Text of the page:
Saturday, December 1, 2012

Hairy Escaping Problems (Keep the Pieces 2)

I was just settling in to hack out a Smarty-like template system (or at least an interpreter for it) in a non-PHP language, when my brain went all meta on me. ‘How can I never, ever have to deal with careful manual control over output encoding, ever again?’

The simplest way (to my Perl-warped brain) would be to have the interpreter aware of substitution context in much the same way a Perl subroutine can check wantarray to know whether it’s being invoked in list, scalar, or void context. In the case of the template engine, the context would be HTML element, attribute… or URI, for instance a href="/search?user={$name}&nextid=241"—but how do we know whether the user has a literal URL fragment to paste, or whether they intend $term to be a single URI component?

To understand the context, the template library would want to have the application keep everything in a data structure “like the DOM” so that the final context would be known. Instead of building up giant HTML strings to print, piece by piece, every variable carefully escaped, you would build up a native object in the programming language, then serialize that to HTML. The serializer would know through the object structure what node type a given string was going to become, and be able to escape it accordingly.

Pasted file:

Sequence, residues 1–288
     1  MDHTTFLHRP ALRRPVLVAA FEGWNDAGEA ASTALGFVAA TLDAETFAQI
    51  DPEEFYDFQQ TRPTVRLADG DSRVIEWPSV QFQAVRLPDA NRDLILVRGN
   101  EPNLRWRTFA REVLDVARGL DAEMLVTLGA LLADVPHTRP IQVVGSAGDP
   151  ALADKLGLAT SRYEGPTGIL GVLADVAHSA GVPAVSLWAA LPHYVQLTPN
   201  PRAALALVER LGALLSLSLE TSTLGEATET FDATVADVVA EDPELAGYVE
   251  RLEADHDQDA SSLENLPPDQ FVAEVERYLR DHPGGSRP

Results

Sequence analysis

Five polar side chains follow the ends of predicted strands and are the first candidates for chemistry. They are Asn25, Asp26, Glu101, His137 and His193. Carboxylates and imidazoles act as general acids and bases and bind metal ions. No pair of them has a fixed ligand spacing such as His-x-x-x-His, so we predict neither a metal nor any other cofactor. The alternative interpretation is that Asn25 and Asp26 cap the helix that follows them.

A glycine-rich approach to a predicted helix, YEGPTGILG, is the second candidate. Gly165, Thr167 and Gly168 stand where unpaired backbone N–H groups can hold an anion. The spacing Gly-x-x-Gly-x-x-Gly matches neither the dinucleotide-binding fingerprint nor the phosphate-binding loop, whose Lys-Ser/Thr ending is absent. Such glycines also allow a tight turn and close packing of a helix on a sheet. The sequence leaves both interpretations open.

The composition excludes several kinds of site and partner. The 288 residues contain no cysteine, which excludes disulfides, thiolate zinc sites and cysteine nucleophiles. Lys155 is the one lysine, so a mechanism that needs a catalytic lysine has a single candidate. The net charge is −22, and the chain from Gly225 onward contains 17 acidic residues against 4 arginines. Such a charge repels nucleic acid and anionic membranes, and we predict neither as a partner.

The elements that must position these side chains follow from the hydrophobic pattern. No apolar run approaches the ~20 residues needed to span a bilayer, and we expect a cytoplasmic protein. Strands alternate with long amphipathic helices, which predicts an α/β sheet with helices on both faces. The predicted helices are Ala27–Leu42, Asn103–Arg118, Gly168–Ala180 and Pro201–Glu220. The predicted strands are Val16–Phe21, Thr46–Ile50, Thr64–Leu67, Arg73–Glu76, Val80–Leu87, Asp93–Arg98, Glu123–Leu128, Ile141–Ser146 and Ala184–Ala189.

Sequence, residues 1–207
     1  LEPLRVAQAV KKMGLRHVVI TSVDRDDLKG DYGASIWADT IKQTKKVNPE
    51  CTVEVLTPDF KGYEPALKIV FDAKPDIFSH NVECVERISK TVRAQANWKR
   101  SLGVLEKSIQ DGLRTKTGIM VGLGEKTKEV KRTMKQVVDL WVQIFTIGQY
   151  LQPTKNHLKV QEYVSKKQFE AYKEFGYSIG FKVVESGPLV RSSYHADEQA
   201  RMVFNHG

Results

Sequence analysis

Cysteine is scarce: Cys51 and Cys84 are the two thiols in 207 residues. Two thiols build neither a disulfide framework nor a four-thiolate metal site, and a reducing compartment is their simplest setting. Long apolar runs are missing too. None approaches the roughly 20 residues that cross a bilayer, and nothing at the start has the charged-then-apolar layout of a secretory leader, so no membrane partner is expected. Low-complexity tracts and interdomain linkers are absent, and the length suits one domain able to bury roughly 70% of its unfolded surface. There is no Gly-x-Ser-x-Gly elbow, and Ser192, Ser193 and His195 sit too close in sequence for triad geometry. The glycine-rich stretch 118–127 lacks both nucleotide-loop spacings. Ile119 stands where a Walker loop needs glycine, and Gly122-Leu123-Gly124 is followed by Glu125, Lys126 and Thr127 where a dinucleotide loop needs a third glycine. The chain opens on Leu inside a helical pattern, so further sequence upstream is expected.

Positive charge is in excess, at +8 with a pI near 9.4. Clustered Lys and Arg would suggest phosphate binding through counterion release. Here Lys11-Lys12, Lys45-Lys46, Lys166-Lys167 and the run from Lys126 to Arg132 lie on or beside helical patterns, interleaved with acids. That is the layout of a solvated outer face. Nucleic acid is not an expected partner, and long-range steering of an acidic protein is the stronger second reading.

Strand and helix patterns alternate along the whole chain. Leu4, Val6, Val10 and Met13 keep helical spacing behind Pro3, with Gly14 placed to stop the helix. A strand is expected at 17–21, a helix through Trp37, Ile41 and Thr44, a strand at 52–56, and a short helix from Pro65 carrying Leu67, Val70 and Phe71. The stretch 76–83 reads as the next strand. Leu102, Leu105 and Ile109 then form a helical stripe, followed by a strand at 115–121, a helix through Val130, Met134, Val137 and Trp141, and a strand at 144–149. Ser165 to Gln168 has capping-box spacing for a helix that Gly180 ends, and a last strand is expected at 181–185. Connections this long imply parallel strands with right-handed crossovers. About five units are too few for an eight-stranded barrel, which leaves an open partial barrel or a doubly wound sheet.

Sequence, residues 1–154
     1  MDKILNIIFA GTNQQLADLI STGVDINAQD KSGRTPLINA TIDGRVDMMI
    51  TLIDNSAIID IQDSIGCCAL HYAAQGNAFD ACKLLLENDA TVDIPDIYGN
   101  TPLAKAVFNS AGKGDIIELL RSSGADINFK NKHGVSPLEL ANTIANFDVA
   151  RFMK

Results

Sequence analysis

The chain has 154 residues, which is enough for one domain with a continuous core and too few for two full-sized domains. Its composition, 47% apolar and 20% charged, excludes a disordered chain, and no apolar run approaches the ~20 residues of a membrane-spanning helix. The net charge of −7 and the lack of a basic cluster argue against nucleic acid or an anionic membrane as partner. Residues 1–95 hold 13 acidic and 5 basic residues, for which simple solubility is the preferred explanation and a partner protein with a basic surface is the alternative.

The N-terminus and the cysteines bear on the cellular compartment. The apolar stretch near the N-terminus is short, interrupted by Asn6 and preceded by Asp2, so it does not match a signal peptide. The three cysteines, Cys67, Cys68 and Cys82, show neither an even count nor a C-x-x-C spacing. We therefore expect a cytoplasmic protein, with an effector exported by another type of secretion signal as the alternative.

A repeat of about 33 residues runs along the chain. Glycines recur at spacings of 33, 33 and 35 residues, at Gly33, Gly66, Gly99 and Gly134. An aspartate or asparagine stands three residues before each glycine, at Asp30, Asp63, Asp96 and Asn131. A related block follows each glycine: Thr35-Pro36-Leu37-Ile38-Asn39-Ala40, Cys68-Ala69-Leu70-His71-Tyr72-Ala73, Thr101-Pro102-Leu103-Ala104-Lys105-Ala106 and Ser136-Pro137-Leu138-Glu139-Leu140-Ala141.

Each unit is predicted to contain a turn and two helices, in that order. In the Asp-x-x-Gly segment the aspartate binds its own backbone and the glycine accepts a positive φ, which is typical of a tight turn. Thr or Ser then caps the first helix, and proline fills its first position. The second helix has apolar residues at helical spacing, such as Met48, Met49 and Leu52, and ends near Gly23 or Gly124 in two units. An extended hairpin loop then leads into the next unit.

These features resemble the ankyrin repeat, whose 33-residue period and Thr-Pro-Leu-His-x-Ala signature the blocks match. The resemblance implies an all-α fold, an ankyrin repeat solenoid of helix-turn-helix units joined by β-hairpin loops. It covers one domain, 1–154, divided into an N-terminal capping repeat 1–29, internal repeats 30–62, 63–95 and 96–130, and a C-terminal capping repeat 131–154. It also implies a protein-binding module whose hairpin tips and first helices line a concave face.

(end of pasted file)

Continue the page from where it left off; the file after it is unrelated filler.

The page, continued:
Most template systems can’t achieve this sort of thing: they care only for their string-substitution and application-defined escaping mechanism, and ignore the type of the document. Without knowing the document type, the escaping rules for that type are also unknown. Most frameworks with an auto-escape mechanism are built for the web, assume you’ll be generating HTML, and make all possible substitutions whether they’re needed or not, just to be safe. They’re still doing context-insensitive string replacement, after all.

But you notice I said “most,” because there’s one that I ran into that doesn’t: I met it in Clojure land, and it’s called enlive. It cares for the document type, because it takes a straight HTML file as a template, and gives you an interface for finding parts within and replacing them as you will. It can thus escape correctly on the output side.

(I haven’t studied it very closely, but apparently the Perl world has a similar option, the HTML::Seamstress.)

It seems like the approach taken by enlive is another instance of Keep the Pieces, where having data in its non-serialized form just generally helps in dealing with it.

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